Book Review: The Good, the Bad, and the Mad by E. Randall Floyd
American history is full of offbeat people, some downright weird. The author was (like many a lad) fascinated by their stories when he was young. Then he got to interview Erich von Daeniken (Chariots of the Gods) and decided to make writing about unusual people a full-time hobby. This book is one of the results.
It contains 37 mini-biographies of interesting people in American history, arranged alphabetically from Jane Addams (social worker and pacifist) to Wovoka (Native American mystic and the leader of the “Ghost Dance” movement.) There are the really obvious candidates, like “Emperor” Joshua Norton of San Francisco and Nikola Tesla (eccentric inventor.) But there are also more obscure figures, like Giacomo Beltrami, who didn’t quite discover the source of the Mississippi, and Bernarr MacFadden (health nut.)
The writing is okay, but these are very short biographies, and some of the subjects have had entire (and much better) books written about them. There are no illustrations, no citations or bibliography, and no index. Your college professor isn’t going to accept this as a source!
While written for adults, I think this book would best serve as a gift to a bright teenager who can then look further for more information about any person that catches their fancy. It’s a good book for a quick read, and some interesting historical moments.
Book Review: Trafficking in Magic, Magicking in Traffic edited by David Sklar & Sarah Avery
Disclaimer: I received this book as a Goodreads giveaway on the premise that I would review it.
This fantasy anthology has a dual theme, as indicated by its title; magic as transaction, and magic while traveling. The former theme brings to mind the classic Faustian bargain story, and the preface mentions that the editors got a bushel full of them, only a few making the cut.
There are eighteen stories, nine for each theme, divided into groups of three by subtheme, such as “Bad Roads.” Most of the stories are new, but some have been previously printed. Some standouts include:
- “Ghost Diamonds” by Scott Hungerford. A woman and her niece discover that compressing crematorium ashes into a diamond allows calling the ghost of the deceased. But they aren’t the only ones who have made this discovery, and someone’s been switching the ghost diamonds with fakes. But why?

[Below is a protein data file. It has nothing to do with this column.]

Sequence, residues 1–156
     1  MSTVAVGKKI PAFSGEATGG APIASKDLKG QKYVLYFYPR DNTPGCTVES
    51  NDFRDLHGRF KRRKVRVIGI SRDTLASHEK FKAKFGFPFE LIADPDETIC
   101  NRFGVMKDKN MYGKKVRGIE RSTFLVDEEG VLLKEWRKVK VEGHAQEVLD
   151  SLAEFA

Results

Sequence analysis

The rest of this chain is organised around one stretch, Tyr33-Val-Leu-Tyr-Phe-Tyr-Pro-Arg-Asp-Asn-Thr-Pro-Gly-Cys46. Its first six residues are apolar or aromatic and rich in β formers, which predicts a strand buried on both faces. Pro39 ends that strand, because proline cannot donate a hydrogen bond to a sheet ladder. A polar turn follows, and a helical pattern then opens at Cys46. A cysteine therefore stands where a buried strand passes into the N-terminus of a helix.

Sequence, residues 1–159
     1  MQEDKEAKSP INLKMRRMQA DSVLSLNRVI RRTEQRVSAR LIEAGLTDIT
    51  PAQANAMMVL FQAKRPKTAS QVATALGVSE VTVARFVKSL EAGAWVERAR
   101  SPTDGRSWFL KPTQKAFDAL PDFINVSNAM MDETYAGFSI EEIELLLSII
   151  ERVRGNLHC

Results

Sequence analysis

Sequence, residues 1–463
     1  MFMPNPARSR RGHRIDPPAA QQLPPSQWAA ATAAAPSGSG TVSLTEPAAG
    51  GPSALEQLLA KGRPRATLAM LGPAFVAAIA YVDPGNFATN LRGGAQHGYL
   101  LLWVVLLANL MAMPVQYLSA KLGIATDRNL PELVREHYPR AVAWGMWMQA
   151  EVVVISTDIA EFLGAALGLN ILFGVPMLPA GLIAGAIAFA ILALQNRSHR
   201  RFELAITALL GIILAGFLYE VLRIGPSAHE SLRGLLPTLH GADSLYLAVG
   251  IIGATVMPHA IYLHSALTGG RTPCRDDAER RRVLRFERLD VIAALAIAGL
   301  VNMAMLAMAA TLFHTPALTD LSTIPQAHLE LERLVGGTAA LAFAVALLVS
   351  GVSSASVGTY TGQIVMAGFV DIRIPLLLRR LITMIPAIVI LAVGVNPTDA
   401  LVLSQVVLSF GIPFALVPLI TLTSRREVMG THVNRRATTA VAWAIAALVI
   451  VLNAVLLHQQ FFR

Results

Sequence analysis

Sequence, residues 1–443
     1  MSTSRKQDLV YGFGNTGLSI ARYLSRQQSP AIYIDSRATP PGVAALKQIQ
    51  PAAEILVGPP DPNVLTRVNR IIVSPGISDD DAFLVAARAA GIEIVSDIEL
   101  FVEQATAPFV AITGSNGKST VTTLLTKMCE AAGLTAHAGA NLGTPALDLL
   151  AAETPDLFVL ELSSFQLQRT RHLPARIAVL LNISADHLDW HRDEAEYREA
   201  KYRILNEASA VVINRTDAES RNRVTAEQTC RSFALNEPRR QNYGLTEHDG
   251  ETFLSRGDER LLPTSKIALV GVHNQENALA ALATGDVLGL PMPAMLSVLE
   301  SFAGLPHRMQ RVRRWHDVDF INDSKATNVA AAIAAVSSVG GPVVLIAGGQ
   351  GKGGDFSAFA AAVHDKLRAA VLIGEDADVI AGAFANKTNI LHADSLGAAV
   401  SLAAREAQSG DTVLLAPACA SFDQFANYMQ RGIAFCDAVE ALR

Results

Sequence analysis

- “Across the Darien Gap” by Daniel Braum. A guide attempts to take a hunted woman through the rain forest between Central and South America. His two-dimensional thinking may doom them. This one has been made into an episode of Psuedopod, a horror podcast, and is now being lengthened into a book.
- “Only a Week” by Joyce Chng. This one might actually be science fiction, set in a futuristic Chinatown. A courtesan seeks to regain her youthful beauty, but the medicine has side effects and can be taken only for one week….
- “And the Deep Blue Sea” by Elizabeth Bear. A courier must cross the postapocalyptic Southwest to deliver vital supplies. But a deal she made years ago is coming due. Can Harrie finish her delivery with the devil himself in the way?
There’s a good diversity of protagonists, and both happy and sad endings. A couple of stories are perhaps a little too cliche, but the quality is generally good.
Unlike many small press books I’ve read lately, the proofreading is excellent.
I would recommend this book to fantasy fans in general, and modern fantasy fans in particular.
Book Review: From the Cross to the Church by A.C. Graziano
Disclaimer: I received this book as a Goodreads giveaway on the premise that I would review it. The copy I received is the first edition, which has a number of typos I am told were fixed in the second edition.
This book is a basic introduction to the subject of the creation of the canonical New Testament and the formation of the Roman Catholic church from the early community of Christian believers. It covers what scholars now believe (although there are great differences in opinion among Biblical scholars as to details) as to when the books were written, by whom as far as can be determined, and where they might have been altered to match then-current concerns.
This is a fascinating subject for those interested in learning more about where the Scriptures came from. It is likely to be less pleasing to one whose framework for interpreting the Bible requires it to be immutable, and by the writers tradition has assigned, directly inspired by God.
I found this volume poorly organized, with bullet points not always recapping the previous material, and inserted in non-intuitive places. A chapter on documentary sources of Genesis is just sort of plopped down at the end.
The author does not claim any original research, describing himself instead as a “journalist.” To that end, the list of sources at the end of the volume, ranked by importance and accessibility (but not by credibility, let the reader beware!) may be of more use to the interested scholar.
If you need a quick introduction to the concepts covered here, this book will do. For better choices, consult your pastor or a Biblical scholar of your acquaintance